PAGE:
The Alternative French Dictionary

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Colourful extracts from Wiktionary. Slang, vulgarities, profanities, slurs, interjections, colloquialisms and more.

Page 8 of 17


flemme etymology From Italian flemma. pronunciation
  • /flɛm/
noun: {{fr-noun}}
  1. (informal) laziness J'ai la flemme de le faire. I can't be bothered to do it.
flic pronunciation
  • /flik/
  • {{audio}}
noun: {{fr-noun}}
  1. (slang) copper, pig, rozzer; (police officer)
Synonyms: keuf (verlan)
flicaille etymology flic + aille pronunciation
  • /fli.kaj/
noun: {{fr-noun}}
  1. (collectively, derogatory, slang) cops; pigs (the police)
noun: {{fr-noun}}
  1. (colloquial) shooter, pistol, gat gun
verb: {{fr-verb-form}}
  1. inflection of flinguer
  2. inflection of flinguer
  3. inflection of flinguer
  4. inflection of flinguer
  5. inflection of flinguer
verb: {{fr-verb}}
  1. (colloquial) to gun, to gun down
flippant pronunciation
  • /fli.pɑ̃/
adjective: {{fr-adj}}
  1. (Europe, informal) Surprising.
  2. (Europe, informal) Worrying; scary.
verb: {{head}}
  1. present participle of flipper
fliquer etymology flic + er
verb: {{fr-verb}}
  1. (informal) to police
fliquesse etymology From flic + esse
noun: {{fr-noun}}
  1. (informal) policewoman
fliquette etymology From flic + ette
noun: {{fr-noun}}
  1. (informal) female police officer
noun: {{fr-noun}}
  1. (informal, especially in plural) blare
flotte {{wikipedia}} pronunciation
  • {{audio}}
etymology 1 First attested in Old French as flote, likely from the same gem root as English float.
noun: {{fr-noun}}
  1. fleet
etymology 2 Deverbal of flotter.
noun: {{fr-noun}}
  1. (colloquial) water La carte est tombée dans la flotte.
  2. (colloquial) rain Et allez! Encore de la flotte toute cette semaine!
verb: {{fr-verb-form}}
  1. inflection of flotter
  2. inflection of flotter
  3. inflection of flotter
  4. inflection of flotter
  5. inflection of flotter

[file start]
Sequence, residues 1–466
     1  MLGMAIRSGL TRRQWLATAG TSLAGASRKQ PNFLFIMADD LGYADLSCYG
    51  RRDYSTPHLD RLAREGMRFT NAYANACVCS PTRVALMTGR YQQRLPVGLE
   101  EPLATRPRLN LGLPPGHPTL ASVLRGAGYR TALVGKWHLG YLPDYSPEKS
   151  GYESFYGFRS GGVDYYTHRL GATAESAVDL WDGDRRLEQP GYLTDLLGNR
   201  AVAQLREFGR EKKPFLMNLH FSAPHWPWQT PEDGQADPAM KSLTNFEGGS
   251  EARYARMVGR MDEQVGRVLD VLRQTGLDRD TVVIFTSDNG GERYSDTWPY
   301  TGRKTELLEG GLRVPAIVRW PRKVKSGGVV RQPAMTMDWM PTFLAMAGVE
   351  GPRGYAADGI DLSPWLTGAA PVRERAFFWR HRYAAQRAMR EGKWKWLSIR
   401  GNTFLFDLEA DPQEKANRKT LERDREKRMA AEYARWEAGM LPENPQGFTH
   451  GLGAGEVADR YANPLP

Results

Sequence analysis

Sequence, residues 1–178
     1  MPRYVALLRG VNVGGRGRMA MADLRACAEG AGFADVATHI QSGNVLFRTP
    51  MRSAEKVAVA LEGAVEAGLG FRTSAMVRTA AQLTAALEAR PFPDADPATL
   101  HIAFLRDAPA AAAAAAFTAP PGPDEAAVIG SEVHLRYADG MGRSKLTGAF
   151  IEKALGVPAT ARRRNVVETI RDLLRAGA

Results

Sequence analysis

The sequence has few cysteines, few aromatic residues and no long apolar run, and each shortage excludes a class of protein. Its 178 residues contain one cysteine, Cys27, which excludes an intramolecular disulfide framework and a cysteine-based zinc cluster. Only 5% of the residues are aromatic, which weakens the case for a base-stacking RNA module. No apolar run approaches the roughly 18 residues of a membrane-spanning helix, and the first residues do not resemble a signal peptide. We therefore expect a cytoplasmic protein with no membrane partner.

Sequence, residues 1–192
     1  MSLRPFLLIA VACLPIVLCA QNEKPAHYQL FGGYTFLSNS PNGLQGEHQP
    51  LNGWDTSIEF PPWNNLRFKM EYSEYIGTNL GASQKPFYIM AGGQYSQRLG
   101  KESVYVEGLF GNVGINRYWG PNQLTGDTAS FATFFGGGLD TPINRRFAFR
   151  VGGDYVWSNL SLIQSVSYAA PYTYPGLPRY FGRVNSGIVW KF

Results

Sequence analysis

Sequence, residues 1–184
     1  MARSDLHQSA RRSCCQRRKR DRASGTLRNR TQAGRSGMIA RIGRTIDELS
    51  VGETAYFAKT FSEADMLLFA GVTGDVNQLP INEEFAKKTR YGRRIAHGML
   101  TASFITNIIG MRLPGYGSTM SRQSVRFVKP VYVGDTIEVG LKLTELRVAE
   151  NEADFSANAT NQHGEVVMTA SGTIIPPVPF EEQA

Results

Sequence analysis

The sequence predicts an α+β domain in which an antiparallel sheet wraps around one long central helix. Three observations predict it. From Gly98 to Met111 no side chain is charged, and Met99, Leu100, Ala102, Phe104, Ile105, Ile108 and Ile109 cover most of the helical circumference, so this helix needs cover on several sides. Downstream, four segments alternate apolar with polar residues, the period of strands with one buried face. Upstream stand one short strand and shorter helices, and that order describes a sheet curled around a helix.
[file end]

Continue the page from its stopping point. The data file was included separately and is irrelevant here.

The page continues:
flouse Alternative forms: flouze etymology From Algerian Arabic, Moroccan Arabic فلوس 〈flws〉. pronunciation
  • /fluz/
noun: {{fr-noun}}
  1. (slang) dosh, dough, bread
  • floues
  • foules, foulés
flouze etymology From Arabic فلوس 〈flws〉. pronunciation
  • /fluz/
noun: {{fr-noun}}
  1. (slang) dough (money)
foire pronunciation
  • {{audio}}
  • /fwaʁ/
etymology 1 From Old French foire from a vl *feria from the classical Latin noun feriae.
noun: {{fr-noun}}
  1. a fair, an exposition
  2. a marketplace selling artisan goods
etymology 2 From Latin foria.
noun: {{fr-noun}}
  1. diarrhoea
  2. (figuratively, slang) fuckup, mess
verb: {{fr-verb-form}}
  1. inflection of foirer
  2. inflection of foirer
  3. inflection of foirer
  4. inflection of foirer
  5. inflection of foirer
foirer etymology foire + er pronunciation
  • /fwa.ʁe/
verb: {{fr-verb}}
  1. (ambitransitive, informal) to screw up, mess up
adjective: {{fr-adj}}
  1. (informal) nutty, crazy
adjective: {{fr-adj}}
  1. (informal) slight, lightweight; mischievous
folle pronunciation
  • /fɔl/
adjective: {{head}}
  1. feminine of fou
noun: {{fr-noun}}
  1. madwoman
  2. (slang) queen (male homosexual)
foncer etymology From Old French fons, fonz ( > French fond) + -er. pronunciation
  • /fɔ̃.se/
  • {{audio}}
  • {{rhymes}}
verb: {{fr-verb}}
  1. (transitive, intransitive) to darken
  2. (intransitive) to tear along (of person, vehicle etc.)
  3. (intransitive, colloquial) to get a move on, go for it
related terms:
  • foncé
  • fronce, froncé
foot etymology Apocopic form of football. pronunciation
  • /fut/
  • {{audio}}
noun: {{fr-noun}}
  1. (colloquial) association football; football, soccer
    • Zidane est un des meilleurs joueurs de foot du monde. Zidane is one of the best soccer players in the world.
    • Toutes les semaines, il regarde du foot à la télé. Every week, he watches soccer on TV.
football etymology From English. pronunciation
  • {{audio}}
  • /fut.bol/
noun: {{fr-noun}}
  1. association football, soccer
  2. (Canada) Canadian football
  3. (less common) American football
Synonyms: (soccer) foot (colloquial), (soccer) soccer (Quebec), (American football) football américain, (Canadian football) football canadien
noun: {{fr-noun}}
  1. (informal) buckminsterfullerène
footeux etymology foot + eux
adjective: {{fr-adj}}
  1. (colloquial, attributive) footie; footballing related to football (soccer)
noun: {{fr-noun}}
  1. (colloquial) footie player; footballer soccer player
fort etymology From Latin fortis. Ultimately from Proto-Indo-European *bʰerǵʰ-. pronunciation
  • /fɔʁ/
  • {{audio}}
  • {{audio}}
adjective: {{fr-adj}}
  1. strong; powerful exampleArnie est fort. Arnie is strong. examplehommes forts strong men
  2. (informal) skilled, proficient, successful, sometimes translated "good" (often used in reference to academic subjects) exampleJe suis fort en anglais I am good at English